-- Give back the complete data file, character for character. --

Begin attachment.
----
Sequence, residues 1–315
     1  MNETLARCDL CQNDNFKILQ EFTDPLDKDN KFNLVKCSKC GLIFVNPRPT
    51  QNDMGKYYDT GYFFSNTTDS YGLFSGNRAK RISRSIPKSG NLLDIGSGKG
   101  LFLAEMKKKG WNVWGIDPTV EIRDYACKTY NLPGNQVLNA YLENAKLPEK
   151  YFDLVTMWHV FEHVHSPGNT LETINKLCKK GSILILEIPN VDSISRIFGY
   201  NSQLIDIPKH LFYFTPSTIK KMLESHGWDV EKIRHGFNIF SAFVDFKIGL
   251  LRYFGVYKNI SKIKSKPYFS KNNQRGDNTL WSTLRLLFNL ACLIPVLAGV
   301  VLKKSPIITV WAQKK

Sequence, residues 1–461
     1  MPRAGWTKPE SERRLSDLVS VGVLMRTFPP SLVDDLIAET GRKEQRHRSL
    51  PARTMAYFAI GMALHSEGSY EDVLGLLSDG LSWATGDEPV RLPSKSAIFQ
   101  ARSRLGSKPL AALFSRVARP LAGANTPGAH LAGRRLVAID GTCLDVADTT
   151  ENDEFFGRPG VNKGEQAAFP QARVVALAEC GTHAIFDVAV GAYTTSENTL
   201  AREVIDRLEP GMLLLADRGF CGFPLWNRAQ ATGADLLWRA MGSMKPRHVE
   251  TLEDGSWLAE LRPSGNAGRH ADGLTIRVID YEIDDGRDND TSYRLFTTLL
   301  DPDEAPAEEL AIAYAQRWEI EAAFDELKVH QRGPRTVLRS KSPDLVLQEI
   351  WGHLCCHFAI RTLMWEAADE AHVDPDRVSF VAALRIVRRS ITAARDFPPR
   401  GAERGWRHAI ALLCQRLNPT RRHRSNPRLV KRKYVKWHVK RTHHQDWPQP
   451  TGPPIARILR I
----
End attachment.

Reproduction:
Sequence, residues 1–315
     1  MNETLARCDL CQNDNFKILQ EFTDPLDKDN KFNLVKCSKC GLIFVNPRPT
    51  QNDMGKYYDT GYFFSNTTDS YGLFSGNRAK RISRSIPKSG NLLDIGSGKG
   101  LFLAEMKKKG WNVWGIDPTV EIRDYACKTY NLPGNQVLNA YLENAKLPEK
   151  YFDLVTMWHV FEHVHSPGNT LETINKLCKK GSILILEIPN VDSISRIFGY
   201  NSQLIDIPKH LFYFTPSTIK KMLESHGWDV EKIRHGFNIF SAFVDFKIGL
   251  LRYFGVYKNI SKIKSKPYFS KNNQRGDNTL WSTLRLLFNL ACLIPVLAGV
   301  VLKKSPIITV WAQKK

Sequence, residues 1–461
     1  MPRAGWTKPE SERRLSDLVS VGVLMRTFPP SLVDDLIAET GRKEQRHRSL
    51  PARTMAYFAI GMALHSEGSY EDVLGLLSDG LSWATGDEPV RLPSKSAIFQ
   101  ARSRLGSKPL AALFSRVARP LAGANTPGAH LAGRRLVAID GTCLDVADTT
   151  ENDEFFGRPG VNKGEQAAFP QARVVALAEC GTHAIFDVAV GAYTTSENTL
   201  AREVIDRLEP GMLLLADRGF CGFPLWNRAQ ATGADLLWRA MGSMKPRHVE
   251  TLEDGSWLAE LRPSGNAGRH ADGLTIRVID YEIDDGRDND TSYRLFTTLL
   301  DPDEAPAEEL AIAYAQRWEI EAAFDELKVH QRGPRTVLRS KSPDLVLQEI
   351  WGHLCCHFAI RTLMWEAADE AHVDPDRVSF VAALRIVRRS ITAARDFPPR
   401  GAERGWRHAI ALLCQRLNPT RRHRSNPRLV KRKYVKWHVK RTHHQDWPQP
   451  TGPPIARILR I